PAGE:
HealthFocused

Educational health information to improve your well-being.

Domestic Violence Awareness Month

October 3, 2016 | By Abigail Willett, student intern with Community Outreach
Published in: Nurses Health Corner, Social Services

Comic bubbles illustrating violence and shouting

Domestic violence is when an individual is intentionally abusive towards their partner in order to achieve or maintain control in the relationship. Domestic violence can come in the form of intimidation, fear, physical abuse, sexual abuse, verbal abuse, emotional abuse, or any other form of violence. Episodes of domestic violence can vary in frequency and severity, however, there is always one similarity in all cases of domestic violence; it is about control.

October is National Domestic Violence Awareness Month. It was stated in President Obama's 2015 Proclamation about domestic violence awareness that nearly 1 in 4 women and 1 in 7 men in the United States alone has suffered from (an) episode(s) of severe violence by their significant other. This is a significant problem because domestic violence denies victims their freedom (the feeling of personal safety) and places their health and well-being at risk.

A distressed womanIdentifying domestic abuse is not always as easy, but there are some behaviors and signs that could indicate possible abuse. These signs, provided by the National Coalition Against Domestic Violence (NCADV) include but are not limited to:

  • Accusing the victim of cheating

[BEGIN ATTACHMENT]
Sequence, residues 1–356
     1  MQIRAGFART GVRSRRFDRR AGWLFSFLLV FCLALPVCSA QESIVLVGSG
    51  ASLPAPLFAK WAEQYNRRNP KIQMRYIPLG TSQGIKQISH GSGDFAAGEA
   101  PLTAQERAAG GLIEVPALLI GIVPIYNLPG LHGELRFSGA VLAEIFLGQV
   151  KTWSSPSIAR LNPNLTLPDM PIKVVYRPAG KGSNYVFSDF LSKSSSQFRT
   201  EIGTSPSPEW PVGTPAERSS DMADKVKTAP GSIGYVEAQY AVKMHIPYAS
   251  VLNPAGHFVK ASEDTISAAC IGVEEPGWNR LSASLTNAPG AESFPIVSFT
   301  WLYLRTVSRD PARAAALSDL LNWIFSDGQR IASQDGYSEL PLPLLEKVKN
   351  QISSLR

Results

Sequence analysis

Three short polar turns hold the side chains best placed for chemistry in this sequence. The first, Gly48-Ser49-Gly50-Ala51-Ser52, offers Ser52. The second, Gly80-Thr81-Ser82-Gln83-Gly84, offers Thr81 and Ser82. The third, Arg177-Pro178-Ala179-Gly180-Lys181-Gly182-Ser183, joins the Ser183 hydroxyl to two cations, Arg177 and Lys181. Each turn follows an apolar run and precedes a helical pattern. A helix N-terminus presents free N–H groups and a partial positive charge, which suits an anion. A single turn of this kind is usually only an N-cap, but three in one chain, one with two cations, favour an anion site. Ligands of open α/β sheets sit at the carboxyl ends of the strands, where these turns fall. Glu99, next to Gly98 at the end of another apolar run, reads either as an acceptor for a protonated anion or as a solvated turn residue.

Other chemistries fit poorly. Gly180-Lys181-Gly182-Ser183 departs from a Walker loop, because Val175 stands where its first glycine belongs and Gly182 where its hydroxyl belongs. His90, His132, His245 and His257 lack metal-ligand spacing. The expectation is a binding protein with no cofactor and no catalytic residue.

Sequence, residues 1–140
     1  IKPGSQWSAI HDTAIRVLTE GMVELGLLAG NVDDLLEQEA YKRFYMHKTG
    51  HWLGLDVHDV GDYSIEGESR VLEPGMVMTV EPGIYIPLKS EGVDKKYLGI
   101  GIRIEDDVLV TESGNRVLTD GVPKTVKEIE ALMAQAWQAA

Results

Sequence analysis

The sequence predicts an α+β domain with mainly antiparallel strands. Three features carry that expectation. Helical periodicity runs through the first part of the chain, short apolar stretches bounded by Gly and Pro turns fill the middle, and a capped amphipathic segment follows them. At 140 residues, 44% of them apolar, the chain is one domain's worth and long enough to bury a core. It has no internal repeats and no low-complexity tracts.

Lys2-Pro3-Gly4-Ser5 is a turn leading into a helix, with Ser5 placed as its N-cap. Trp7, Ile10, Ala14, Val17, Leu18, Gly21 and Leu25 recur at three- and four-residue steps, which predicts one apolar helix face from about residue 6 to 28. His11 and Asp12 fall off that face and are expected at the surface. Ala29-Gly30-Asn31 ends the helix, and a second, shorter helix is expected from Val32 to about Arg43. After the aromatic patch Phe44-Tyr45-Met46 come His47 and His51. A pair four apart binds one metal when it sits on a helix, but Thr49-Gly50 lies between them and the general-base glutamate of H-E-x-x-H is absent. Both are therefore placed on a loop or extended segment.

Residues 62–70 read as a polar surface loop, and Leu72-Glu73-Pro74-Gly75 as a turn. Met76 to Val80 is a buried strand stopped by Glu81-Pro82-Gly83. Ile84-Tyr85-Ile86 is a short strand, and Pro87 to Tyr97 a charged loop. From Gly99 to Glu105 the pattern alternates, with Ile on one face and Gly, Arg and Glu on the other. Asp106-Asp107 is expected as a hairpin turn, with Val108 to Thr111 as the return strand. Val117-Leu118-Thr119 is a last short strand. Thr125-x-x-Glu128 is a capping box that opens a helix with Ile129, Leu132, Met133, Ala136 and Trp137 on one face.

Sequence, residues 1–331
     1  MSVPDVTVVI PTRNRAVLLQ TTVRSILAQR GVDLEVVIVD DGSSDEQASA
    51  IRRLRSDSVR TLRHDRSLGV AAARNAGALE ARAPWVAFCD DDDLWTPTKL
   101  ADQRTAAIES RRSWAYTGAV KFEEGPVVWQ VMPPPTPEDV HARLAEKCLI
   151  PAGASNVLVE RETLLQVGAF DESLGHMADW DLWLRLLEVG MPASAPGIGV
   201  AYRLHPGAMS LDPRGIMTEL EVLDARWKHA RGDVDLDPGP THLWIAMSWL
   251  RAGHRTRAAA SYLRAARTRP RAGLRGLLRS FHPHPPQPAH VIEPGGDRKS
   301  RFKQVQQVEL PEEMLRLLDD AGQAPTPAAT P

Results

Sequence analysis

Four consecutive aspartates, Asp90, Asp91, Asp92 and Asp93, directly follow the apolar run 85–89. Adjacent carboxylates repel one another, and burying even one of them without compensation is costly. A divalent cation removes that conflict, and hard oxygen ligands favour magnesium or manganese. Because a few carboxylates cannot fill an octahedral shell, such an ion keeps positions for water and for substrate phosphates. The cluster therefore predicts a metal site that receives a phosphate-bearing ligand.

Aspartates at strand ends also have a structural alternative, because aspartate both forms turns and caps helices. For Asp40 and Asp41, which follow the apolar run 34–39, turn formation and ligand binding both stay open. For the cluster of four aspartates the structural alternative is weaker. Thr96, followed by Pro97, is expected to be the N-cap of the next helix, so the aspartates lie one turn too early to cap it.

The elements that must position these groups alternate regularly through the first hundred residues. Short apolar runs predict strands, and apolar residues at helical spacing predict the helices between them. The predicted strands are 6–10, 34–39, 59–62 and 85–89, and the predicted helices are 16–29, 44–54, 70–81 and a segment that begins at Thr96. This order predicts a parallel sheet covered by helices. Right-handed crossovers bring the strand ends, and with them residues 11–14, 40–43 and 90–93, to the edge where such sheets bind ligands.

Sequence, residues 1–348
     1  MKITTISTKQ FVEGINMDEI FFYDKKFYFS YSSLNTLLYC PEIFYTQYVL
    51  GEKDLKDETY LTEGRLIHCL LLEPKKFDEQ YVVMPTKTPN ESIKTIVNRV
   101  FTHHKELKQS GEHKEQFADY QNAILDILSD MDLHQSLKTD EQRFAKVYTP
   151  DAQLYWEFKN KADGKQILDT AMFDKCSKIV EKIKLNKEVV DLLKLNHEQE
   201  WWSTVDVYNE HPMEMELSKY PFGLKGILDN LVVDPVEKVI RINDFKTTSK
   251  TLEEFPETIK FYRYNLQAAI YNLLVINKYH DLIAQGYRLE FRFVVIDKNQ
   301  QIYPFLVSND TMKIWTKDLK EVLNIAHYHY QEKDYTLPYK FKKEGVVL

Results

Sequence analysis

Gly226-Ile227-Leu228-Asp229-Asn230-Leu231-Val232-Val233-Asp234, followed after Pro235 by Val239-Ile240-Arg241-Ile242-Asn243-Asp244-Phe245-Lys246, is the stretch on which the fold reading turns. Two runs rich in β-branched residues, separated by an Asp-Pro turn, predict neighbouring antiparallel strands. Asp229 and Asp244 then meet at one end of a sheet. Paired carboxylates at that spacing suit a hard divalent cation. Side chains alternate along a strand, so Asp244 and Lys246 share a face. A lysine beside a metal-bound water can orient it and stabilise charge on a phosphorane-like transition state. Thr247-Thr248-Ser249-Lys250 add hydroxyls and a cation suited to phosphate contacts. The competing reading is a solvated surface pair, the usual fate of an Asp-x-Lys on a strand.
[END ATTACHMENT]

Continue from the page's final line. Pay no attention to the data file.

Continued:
• Keeping or discouraging the victim from seeing friends or family members and showing extreme jealousy of time spent with others.
  • Embarrassing or shaming the victim with put-downs; telling the victim that they can never do anything right
  • Controlling every penny spent in the household and/or taking the victim's money or refusing to give them money for expenses
  • Looking at or acting in ways that scare the victim
  • Dictating how the victim dresses, wears their hair, etc.
  • Stalking the victim or monitoring their victim's every move (in person or also via the internet and/or other devices such as GPS tracking or the victim's phone)
  • Threatening to hurt or kill the victim's friends, loved ones, or pets
  • Intimidating the victim with guns, knives, or other weapons
  • Pressuring the victim to have sex when they don't want to or to do things sexually they are not comfortable with and/ or refusing to use protection when having sex or sabotaging birth control
  • Preventing the victim from working or attending school, harassing the victim at either, keeping their victim up all night so they perform badly at their job or in school

Abuse has a tendency to be cyclical. It does not usually occur only one time. It is ongoing. If you, or someone you know, may be the victim of domestic abuse it is important to talk to someone you trust or call the National Domestic Violence Hotline (available 24/7/365): 1-(800) 799-7233 (SAFE). Without help, abuse will most likely continue. These websites also offer valuable and potentially lifesaving resources for both victims and their loved ones:

It is never the victim's fault in cases of domestic abuse, and as we advocate and raise awareness this month it is important to remember to pay attention to relationship red flags, be aware of resources available, and offer our help to make the community a safe place for all!

Information provided by Abigail Willett, student intern with Community Outreach at Augusta Health. To contact Dana Breeding, RN, relating to the information in this article or with questions/comments/concerns, please call (540) 332-4988 or (540) 932-4988.